Symptoms of Organ Failure

The condition of organ dysfunction occurs when an organ deviates from the function it is intended to perform. An organ dysfunction condition becomes organ failure when the normal homeostasis can be maintained only with the intervention of external clinical help. There are many symptoms of major organ failures as well as multiple organ dysfunction syndrome.

Symptoms of Major Organ Failures

Liver Failure


Chronic Liver Failure (Cirrhosis)


Yellowing of the skin

Excessive weakness

Easy bruising

A great loss of appetite

Edema and ascites – the retention has a tendency to accumulate beneath the tissues of the legs and ankles

Spontaneous bacterial peritonitis (SBP) – infection takes place in the ascites (abdominal cavity) and abdomen

Esophageal varices bleeding

Liver cancer

Acute Liver Failure

Yellowing of eyeballs and skin


Constant pain in upper abdomen


Weakening of concentration power

Bleeding disorders – the liver does not produce sufficient levels of clotting ingredients; thus the body has difficulty in controlling bleeding

Cerebral edema

Kidney failure

Infections – there is an increased risk of infection in the patient’s brain and urinary and respiratory tracts

Kidney Failure


Chronic Kidney Failure


Fatigue and loss of appetite

Swelling of the ankles and feet

High blood pressure

Pain in chest


Fluid retention, which leads to swelling in legs and arms, accompanied by high blood pressure

Decreased sexual appetite

Complications in pregnancy and risk to the fetus

Weakness in bones

Decrease in immunity

Acute Kidney Failure

Fatigue and drowsiness

Pain in chest

A decline in the urine output

Fluid retention leading to swelling in the ankles, feet, and legs

Excessive pain in the chest because of the inflammation of the lining covering the heart

A shortness of breath due to the fluid build-up in the chest

Weakness in muscles due to the bodily fluids imbalance

A risk of death is also present

Lung Failure



Obstruction to the air path

Weakness in muscles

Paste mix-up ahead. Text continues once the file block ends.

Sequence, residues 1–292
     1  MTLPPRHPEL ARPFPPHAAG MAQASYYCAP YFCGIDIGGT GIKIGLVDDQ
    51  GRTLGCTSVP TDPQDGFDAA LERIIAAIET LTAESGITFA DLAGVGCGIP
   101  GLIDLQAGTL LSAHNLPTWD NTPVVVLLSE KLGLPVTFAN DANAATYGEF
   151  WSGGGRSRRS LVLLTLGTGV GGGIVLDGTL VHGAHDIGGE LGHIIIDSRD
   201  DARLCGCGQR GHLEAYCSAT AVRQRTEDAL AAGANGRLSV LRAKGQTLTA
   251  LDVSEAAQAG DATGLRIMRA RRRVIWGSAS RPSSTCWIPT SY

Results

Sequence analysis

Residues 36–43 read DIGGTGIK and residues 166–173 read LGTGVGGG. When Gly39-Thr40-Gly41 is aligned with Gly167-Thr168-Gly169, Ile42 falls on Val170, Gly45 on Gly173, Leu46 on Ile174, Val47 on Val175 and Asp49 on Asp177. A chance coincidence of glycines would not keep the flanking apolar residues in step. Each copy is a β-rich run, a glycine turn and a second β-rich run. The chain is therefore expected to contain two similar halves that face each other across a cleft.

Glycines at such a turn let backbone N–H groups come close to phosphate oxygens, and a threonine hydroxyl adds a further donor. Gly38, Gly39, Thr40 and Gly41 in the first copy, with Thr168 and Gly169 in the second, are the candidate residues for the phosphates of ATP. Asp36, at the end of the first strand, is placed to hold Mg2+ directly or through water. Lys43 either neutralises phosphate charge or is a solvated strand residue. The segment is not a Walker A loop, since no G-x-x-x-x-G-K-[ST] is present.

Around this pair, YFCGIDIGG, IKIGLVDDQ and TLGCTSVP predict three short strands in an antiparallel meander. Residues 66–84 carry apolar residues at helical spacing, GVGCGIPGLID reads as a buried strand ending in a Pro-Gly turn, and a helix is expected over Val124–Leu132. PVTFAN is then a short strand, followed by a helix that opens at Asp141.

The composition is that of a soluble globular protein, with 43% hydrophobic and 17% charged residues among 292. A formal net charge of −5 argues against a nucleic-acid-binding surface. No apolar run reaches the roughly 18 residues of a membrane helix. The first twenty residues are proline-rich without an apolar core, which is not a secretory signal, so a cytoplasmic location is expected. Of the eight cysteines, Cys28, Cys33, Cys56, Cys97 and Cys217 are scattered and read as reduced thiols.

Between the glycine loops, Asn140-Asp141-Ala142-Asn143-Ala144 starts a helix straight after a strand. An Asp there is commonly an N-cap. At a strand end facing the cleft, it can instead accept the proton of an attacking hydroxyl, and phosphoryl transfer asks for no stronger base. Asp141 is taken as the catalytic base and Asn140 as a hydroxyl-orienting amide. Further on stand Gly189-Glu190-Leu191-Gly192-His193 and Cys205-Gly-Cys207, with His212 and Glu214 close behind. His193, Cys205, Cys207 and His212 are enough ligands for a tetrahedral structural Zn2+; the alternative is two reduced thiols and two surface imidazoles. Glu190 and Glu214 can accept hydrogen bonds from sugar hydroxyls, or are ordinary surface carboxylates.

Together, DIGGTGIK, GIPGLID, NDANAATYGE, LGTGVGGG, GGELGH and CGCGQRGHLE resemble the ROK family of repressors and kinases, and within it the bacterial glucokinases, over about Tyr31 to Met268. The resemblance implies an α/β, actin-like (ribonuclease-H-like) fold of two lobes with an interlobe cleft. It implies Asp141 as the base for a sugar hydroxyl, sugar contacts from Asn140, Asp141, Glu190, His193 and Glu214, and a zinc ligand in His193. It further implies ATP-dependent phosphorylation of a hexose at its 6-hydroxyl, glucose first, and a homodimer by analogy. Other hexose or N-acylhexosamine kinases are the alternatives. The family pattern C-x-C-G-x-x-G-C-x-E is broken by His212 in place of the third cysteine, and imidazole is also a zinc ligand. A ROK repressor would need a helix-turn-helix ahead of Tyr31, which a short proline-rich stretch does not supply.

Lung diseases such as pneumonia are a common side effect that accompanies lung failure

Heart Failure



Shortness of breath


Loss of appetite

Increased heart rate

Brain Failure


Chronic Brain Failure (Alzheimer's Dementia)

Loss of memory – forget what they learned a few minutes before and is no longer to accurately relate information or details about events

Trouble driving, working, or completing any other routine task

A loss of dates, time, and season takes place

Unable to process events currently taking place

Experience difficulty participating in conversation

Simply stop in the middle of a thought

Acute Brain Failure (Delirium)

Consciousness gets disturbed

Reduction in the ability to focus

Problems related to memory, perception, and orientation takes place

Stress increases

Symptoms of Multiple Organ Dysfunction Syndrome

There are two ways of describing organ dysfunction in a critically ill patient:

(1) The clinical intervention that was organized to maintain the failing organ system.

(2) The acute physiologic impairment that caused a need for support.

More complex systems have recently been developed that focus on quantifying the organ dysfunction on a numerical scale, rather than mechanical quantity. Though systems vary, each focuses on the same six organ systems to characterize MODS: cardiovascular, hepatic, respiratory, renal, hematologic, and neurologic. There are minor variables in the various systems, including selected parameters as well as weighting and timing placed on each selected variable.

Apart from the above mentioned organ failures, there are certain other failures which lead to MODS.

Neurologic Failure

Neurologic failure takes place due to a great reduction in the Glasgow Coma Score, which is reflected by an alteration in the level of consciousness

Hematologic Failure

The hematologic failure can take place due to Leucocytosis – a response to acute stress or a mild anaemia which results from the suppression of bone marrow.

Immunologic Failure

Immunologic failure occurs due to the abnormalities which take place in both specific and non-specific immune functions within the infected person’s body. It can also alter the production of antibodies.

Metabolic Failure

The metabolic failures and endocrine abnormalities are also evident during the MODS. The relative resistance of insulin is readily detected and often discovered.

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